How Investment Analysts Spot Critical Changes In SEC Filings

One way I think about AlphseSense and its AI platform is that it is a place for me to minimize risks when doing equity research. There is no room for error when trying to understand a business, and AlphaSense delivers this through several features.

One of the crucial ones for me is the Blackline feature. Blackline allows you to compare a 10K or 10Q with filings from the previous fiscal period. This lets you see what the company decided to adjust, add or remove, so you can catch any important changes the management might not otherwise mention in press releases or conference calls.

As straightforward as this sounds, I can’t stress the utility of this. Even the slightest change of tone could severely impact your investment thesis. By using Blackline, you will be able to catch these changes, be it in accounting language, legal situations, or general risk factors.


One recent example is Teladoc (TDOC). This telemedicine company is going through a review of their NCQA certification, an important healthcare certification. In their last 10K filed in February 2019, they have suddenly dropped all language regarding this certification, as can be seen below:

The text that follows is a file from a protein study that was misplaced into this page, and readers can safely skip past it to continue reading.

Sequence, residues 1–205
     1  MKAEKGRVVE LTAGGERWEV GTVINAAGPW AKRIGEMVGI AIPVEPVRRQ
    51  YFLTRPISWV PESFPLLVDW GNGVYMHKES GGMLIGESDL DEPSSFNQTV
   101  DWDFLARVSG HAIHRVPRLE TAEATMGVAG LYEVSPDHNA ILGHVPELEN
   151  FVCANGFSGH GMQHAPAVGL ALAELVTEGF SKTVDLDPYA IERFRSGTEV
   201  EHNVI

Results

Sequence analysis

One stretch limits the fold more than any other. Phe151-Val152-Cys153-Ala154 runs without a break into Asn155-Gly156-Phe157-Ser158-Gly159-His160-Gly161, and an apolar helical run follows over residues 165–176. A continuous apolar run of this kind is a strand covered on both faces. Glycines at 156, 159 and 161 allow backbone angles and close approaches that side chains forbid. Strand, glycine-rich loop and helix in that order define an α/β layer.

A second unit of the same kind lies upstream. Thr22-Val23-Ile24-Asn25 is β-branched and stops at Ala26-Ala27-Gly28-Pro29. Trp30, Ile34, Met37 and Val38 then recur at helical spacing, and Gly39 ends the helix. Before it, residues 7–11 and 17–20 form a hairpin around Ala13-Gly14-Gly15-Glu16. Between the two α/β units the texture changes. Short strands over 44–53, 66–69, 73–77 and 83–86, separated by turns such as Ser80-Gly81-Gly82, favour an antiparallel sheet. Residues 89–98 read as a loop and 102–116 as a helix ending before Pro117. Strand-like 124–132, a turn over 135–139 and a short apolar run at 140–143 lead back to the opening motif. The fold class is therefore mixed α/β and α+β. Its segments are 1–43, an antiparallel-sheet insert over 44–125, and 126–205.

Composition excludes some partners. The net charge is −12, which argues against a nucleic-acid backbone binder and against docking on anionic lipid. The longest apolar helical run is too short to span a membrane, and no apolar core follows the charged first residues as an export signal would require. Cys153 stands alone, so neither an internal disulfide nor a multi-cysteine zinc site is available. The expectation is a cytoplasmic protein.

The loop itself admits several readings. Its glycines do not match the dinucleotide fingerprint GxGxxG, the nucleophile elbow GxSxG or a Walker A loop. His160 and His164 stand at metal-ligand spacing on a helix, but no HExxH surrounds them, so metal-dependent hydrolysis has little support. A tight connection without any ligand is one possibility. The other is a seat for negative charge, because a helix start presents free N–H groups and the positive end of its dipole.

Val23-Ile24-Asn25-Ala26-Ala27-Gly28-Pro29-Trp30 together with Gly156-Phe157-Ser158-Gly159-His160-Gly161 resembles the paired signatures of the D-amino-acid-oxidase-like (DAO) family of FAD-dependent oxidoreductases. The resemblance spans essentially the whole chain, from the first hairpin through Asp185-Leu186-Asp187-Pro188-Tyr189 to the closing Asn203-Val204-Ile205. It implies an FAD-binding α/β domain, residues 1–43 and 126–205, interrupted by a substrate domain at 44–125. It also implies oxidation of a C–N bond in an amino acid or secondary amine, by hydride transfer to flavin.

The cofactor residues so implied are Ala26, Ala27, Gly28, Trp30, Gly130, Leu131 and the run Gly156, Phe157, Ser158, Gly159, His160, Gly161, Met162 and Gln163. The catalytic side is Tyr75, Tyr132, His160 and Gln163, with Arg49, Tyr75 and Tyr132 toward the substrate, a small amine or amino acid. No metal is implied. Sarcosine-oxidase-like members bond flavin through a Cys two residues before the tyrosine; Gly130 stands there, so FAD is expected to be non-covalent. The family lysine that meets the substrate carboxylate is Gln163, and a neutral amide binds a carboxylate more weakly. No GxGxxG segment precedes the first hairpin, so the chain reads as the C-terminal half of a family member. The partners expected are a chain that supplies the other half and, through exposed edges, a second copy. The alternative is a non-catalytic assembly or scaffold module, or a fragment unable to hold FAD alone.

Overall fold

The change in disclosure could potentially mean they are running into delays or might not even receive the certification again. This could have a material impact on the company. It could signal potential red flags connected to corporate governance.

Anyone interested in the company should know about that small, yet crucial detail. Yet without Blackline, investors and analysts are unlikely to catch this change. The certification was only mentioned at two places in the 10K. Unless you would specifically look for it, you wouldn’t find it.


The bottom line

Having this feature on the AlphaSense platform also brings several other advantages. For example, it’s not the first time I’m looking at the company, I can go straight to Blackline in AlphaSense. I’m then able to read the whole relevant filing on the platform, while also checking and comparing the changes — ultimately saving time. I can also annotate and keep my internal notes right within the platform, keeping all my documents in a convenient location.

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Jan Svenda
Jan Svenda

Jan Svenda is an independent equity analyst focused on the U.S. Small/Micro-cap space. He searches for long ideas trading around Net Current Assets Value (NCAV) and for short ideas which showcase a significant potential for aggressive or manipulative accounting.

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